While a few hospitals across the country have joined CMS pilot studies on bundling, California hospitals have not had the opportunity to join. At any rate, I would like to wait and see how the trend develops. California's ban on the corporate practice of medicine is a barrier to fully integrating with physicians. Hospitals in this state cannot directly employ physicians, so they have to set up medical foundations, legal entities that own the practices but still do not employ the physicians in them. This makes for a fragmented healthcare system.

Our Scripps Medical Foundation encompasses about 600 physicians, as part of Scripps Clinic Medical Group, Scripps Coastal Medical Center and Scripps Cardiovascular and Thoracic Surgery Group. The foundation owns the buildings, IT system and everything else that the doctors use, but does not employ the physicians. Foundation physicians negotiate a professional services agreement with the foundation every one to three years.

Working with physicians to centralize services
We are working closely with our physicians to make Scripps more efficient. We believe hospitals will eventually move away from the old model of healthcare, in which each facility tries to do everything. As trauma systems have proven, it's better for care to be regionalized at certain hospitals. As a licensed EMT who still volunteers as an EMT on my off hours, I have witnessed the success of trauma systems first-hand.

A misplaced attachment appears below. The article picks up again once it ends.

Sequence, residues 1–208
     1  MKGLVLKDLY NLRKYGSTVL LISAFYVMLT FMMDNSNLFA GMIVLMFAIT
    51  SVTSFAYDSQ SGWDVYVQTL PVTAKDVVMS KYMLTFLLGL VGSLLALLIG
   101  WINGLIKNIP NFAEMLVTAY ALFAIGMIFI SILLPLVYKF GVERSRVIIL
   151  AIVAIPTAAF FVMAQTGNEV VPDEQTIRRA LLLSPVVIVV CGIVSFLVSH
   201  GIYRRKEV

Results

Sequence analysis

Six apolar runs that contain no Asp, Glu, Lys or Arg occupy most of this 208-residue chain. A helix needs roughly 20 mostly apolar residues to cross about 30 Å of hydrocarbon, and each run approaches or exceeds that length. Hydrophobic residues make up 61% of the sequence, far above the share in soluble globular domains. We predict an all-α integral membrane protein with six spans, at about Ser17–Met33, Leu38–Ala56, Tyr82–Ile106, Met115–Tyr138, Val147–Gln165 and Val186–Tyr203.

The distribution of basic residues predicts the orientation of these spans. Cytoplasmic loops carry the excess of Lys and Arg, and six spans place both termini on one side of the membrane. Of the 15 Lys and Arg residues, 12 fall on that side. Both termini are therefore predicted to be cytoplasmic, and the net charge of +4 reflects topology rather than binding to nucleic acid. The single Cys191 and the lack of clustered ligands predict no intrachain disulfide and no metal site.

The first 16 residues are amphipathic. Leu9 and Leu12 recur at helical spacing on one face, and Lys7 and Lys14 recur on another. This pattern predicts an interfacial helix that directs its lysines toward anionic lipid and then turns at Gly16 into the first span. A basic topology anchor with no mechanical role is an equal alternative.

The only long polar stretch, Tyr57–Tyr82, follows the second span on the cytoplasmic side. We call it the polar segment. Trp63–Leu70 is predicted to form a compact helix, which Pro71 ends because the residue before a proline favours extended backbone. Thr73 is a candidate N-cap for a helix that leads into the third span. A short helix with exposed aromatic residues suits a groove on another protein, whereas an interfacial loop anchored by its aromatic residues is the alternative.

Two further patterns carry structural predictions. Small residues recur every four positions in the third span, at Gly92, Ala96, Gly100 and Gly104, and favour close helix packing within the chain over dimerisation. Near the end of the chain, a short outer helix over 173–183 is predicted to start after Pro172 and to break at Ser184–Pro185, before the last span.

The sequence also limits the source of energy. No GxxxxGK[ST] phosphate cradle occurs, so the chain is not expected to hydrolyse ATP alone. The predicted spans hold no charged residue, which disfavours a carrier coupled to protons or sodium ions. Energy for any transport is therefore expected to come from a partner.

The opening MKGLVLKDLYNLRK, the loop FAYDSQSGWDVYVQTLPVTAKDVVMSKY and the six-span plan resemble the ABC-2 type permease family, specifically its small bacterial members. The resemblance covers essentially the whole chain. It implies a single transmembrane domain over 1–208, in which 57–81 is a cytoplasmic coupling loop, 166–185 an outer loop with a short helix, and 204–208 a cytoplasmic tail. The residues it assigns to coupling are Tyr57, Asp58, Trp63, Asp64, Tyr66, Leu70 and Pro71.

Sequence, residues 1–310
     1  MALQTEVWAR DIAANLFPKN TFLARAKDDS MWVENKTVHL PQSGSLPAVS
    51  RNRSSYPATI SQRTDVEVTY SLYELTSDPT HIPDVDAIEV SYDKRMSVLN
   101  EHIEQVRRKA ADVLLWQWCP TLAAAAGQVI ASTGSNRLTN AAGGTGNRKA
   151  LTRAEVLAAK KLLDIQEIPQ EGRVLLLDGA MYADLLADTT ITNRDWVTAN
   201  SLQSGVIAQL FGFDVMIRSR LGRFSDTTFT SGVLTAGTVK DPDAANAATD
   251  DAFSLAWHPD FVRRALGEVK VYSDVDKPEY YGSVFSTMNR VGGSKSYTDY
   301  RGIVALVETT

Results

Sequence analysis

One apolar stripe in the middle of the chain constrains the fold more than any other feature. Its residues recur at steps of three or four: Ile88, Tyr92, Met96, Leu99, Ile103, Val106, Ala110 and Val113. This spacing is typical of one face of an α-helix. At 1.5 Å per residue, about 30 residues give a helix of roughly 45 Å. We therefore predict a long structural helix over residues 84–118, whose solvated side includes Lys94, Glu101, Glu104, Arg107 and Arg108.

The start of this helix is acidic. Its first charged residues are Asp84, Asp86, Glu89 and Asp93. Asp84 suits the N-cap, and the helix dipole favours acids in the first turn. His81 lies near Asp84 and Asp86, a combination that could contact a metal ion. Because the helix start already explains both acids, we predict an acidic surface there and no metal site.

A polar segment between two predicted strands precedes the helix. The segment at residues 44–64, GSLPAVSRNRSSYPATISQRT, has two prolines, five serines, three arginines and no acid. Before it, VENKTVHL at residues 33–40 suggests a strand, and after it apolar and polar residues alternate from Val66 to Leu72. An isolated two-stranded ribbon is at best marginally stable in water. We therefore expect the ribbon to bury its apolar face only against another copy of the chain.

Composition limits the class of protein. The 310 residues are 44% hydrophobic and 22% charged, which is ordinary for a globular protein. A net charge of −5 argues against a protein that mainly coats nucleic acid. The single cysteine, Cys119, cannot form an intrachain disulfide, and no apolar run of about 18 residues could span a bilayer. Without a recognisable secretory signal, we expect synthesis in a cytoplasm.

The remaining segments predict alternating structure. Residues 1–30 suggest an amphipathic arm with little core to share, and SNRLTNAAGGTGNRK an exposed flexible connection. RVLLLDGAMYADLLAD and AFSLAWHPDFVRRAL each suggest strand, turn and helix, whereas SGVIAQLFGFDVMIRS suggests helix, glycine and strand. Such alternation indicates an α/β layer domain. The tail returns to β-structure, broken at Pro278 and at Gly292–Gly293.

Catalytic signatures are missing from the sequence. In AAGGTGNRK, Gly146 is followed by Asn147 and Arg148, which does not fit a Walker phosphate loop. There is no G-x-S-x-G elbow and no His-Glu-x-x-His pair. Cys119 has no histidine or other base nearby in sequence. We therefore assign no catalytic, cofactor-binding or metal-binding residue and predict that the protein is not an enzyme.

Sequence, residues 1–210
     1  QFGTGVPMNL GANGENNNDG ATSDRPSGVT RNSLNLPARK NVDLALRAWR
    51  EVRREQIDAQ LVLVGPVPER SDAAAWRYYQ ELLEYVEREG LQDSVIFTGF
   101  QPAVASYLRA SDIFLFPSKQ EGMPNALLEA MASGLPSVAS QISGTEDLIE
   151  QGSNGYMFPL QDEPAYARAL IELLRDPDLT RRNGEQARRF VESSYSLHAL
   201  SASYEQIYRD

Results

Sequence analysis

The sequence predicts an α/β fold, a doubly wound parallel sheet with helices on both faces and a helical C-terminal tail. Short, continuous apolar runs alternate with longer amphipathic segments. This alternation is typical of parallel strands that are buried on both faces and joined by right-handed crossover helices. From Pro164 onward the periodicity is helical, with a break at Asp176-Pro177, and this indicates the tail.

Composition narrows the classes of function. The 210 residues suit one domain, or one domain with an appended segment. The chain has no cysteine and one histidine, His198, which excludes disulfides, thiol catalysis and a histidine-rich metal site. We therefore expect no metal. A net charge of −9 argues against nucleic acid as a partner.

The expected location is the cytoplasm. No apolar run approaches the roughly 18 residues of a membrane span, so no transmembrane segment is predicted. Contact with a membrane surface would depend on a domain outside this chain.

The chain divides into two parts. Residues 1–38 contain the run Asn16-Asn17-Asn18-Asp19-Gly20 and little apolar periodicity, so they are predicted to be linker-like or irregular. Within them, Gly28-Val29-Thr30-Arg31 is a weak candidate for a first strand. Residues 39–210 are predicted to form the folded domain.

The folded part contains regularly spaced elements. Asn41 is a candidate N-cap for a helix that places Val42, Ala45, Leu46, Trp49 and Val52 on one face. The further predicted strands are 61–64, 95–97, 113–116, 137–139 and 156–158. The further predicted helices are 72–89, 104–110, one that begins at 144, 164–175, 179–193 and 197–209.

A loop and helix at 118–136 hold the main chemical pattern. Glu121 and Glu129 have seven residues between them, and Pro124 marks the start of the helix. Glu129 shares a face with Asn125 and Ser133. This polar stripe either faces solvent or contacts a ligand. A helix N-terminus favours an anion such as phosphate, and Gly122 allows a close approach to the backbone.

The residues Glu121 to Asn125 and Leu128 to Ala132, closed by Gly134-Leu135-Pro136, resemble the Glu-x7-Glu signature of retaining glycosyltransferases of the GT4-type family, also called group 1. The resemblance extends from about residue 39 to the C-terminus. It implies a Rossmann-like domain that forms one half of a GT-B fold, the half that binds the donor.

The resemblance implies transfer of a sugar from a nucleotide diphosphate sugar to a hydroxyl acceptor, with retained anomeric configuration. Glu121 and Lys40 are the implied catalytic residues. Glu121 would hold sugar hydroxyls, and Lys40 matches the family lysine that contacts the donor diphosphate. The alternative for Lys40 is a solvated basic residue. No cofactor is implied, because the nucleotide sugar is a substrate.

Regionalization has worked exceptionally well for trauma. Twenty-five years ago, when six San Diego hospitals became the designated trauma centers for the region, unnecessary trauma deaths fell from 20 percent to less than 1 percent and have stayed there ever since.

However, creating designated centers for other functions will be slow. We are about to regionalize advanced cardiovascular care. Scripps is one of the largest providers of such services in Southern California. We will always offer some aspects of cardiovascular care at all of our hospitals, but we want to coordinate care as a system now. Our high-risk, high-cost cardiovascular procedures will be shifted into one center.

Scripps is one of the few health systems in the country that perform percutaneous heart valve replacements, currently a research protocol. This is done at one hospital, while less risky and more common procedures like diagnostic catheterization are still carried out at many Scripps hospitals.

We want to create this same kind of consolidation for other programs over time, as regionalization begins to take hold. For example, we have been talking about consolidation of stroke centers, diabetes centers, robotic surgery and neurosurgery.
All of these plans, of course, will need physician input at every step of the way. We have a strong governance system in place to make sure that happens.

Chris Van Gorder is president and CEO of five-hospital Scripps Health in San Diego and chairman-elect of the American College of Healthcare Executives. He is a licensed emergency medical technician whose EMT volunteer work won the Maltese Cross Award in 2006.